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Capps Pushes Gun Control Research



In response to the May 23 Isla Vista shootings, Congresswoman Lois Capps cosponsored a Congressional bill last Thursday aiming to tighten gun control laws, improve mental health services and strengthen research on mental illnesses in relation to gun violence.

The proposed “Promoting Healthy Minds for Safer Communities Act” seeks to improve the country’s mental health infrastructure, tighten gun regulations for at-risk individuals and expand the reporting of mental health records. More than two dozen Democrats are behind the bill, which was introduced by California Representative Mike Thompson.

Capps said the bill would help the legislature fix problems at the intersection of mental health and gun violence. “It will strengthen research on mental illness with respect to violence,” Capps said in an email. “It strengthens and improves mental health intervention efforts, and ensures a fair process for restoring firearm ownership rights. This bill is a good step forward and I am proud to support it.”

According to Capps, the system of submitting records to the National Instant Criminal Background Check System will be improved if the bill is passed. “[The bill] will help keep guns away from dangerous individuals, like those convicted of stalking,” Capps said in an email. “It will also direct [the U.S. Department of] Health and Human Services to conduct research on violence, and provides grants for the creation of mental health programs in schools.”

Capps also said the bill will increase funding for programs dedicated to mental health, and will help the Center for Disease Control and Prevention research on gun violence.
“The bill will provide grants in support of mental health programs,” Capps said in an email. “Specifically, it will provide Health and Human Services the support to research mental health, [and it] reaffirms that the CDC has [the] authority to research gun violence.”

The bill aims to close loopholes that allow dangerous criminals to purchase firearms, Capp said, and because one-third of women homicide victims are killed by an intimate partner with a firearm, protecting domestic violence survivors from gun violence is an important way to close a loophole.

“I introduced a bill last year that would extend federal firearm prohibitions on individuals subject to a domestic violence restraining order to dating partners,” Capps said in an email. “It would also extend that definition to prohibit an individual convicted of a domestic violence misdemeanor from purchasing a gun.”

According to Capps, the bill is a solution to ensure that Isla Vista residents feel safe in their own community. “People walking down the street in Isla Vista also deserve to feel safe,” Capps said in an email. “This bill is a common sense solution that protects our community while preserving a person’s 2nd Amendment rights.”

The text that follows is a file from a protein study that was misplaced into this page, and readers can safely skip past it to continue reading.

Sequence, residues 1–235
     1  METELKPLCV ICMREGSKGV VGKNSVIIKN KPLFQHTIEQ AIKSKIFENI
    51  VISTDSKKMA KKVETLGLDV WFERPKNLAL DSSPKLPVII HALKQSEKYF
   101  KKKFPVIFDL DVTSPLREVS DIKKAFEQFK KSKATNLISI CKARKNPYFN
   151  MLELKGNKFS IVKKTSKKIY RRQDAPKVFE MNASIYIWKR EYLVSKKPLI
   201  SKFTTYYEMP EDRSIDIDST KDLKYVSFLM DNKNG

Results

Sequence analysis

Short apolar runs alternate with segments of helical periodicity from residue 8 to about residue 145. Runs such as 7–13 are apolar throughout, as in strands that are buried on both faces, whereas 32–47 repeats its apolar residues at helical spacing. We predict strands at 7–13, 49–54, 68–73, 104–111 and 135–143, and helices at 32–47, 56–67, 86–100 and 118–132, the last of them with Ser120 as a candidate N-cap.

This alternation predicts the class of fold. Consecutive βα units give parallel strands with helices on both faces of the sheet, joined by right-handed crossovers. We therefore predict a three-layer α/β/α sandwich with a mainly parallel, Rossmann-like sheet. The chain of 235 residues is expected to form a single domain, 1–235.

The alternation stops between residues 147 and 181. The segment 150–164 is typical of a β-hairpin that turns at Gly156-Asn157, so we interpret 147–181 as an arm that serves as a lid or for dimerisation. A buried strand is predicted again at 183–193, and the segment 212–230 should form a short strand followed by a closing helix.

Despite agreeing with the bill, political science professor Eric Smith said Capps and Thompson will face challenges getting the bill to pass because the Republican Party currently controls the House of Representatives.

“We don’t have the votes to get more gun control if it means restricting the weapons that are sold,” Smith said. “[In] the last round of gun control legislation, people were trusted in trying to limit magazine sizes and things like that. That clearly is not going to pass [in] the house, so if there’s any progress made on the issue at all, [it’s] this, the mental health restrictions.” Smith said the expression “gun control only makes a criminal’s job easier” is false rhetoric that is inapplicable to this specific bill.

“Gun registration is finding out who has guns, not preventing people from having guns unless they fill a certain category such as mentally ill or if they have been convicted of a felony or something like that,” Smith said. Smith said he predicted most Republican Congressmen would be hesitant to agree to any increased gun regulations, and as a result, would defeat the bill.

“I think it’s unlikely that Lois’ bill is going to pass, but it’s worth trying,” Smith said. “Political predictions like these regularly go wrong.”According to Smith, if Capps’ current proposed bill does not pass, a similar bill might pass in the future if legislators keep pushing. “Senator Ted Kennedy pushed national health insurance from the day he entered Congress back in 1966 until the day he died. It finally passed under President Obama,” Smith said. “Without Kennedy’s efforts over the years, Obama might have failed. It’s worth trying these things and bringing them up over and over because if you want to succeed, you have to keep issues alive, and that’s one way to do it.”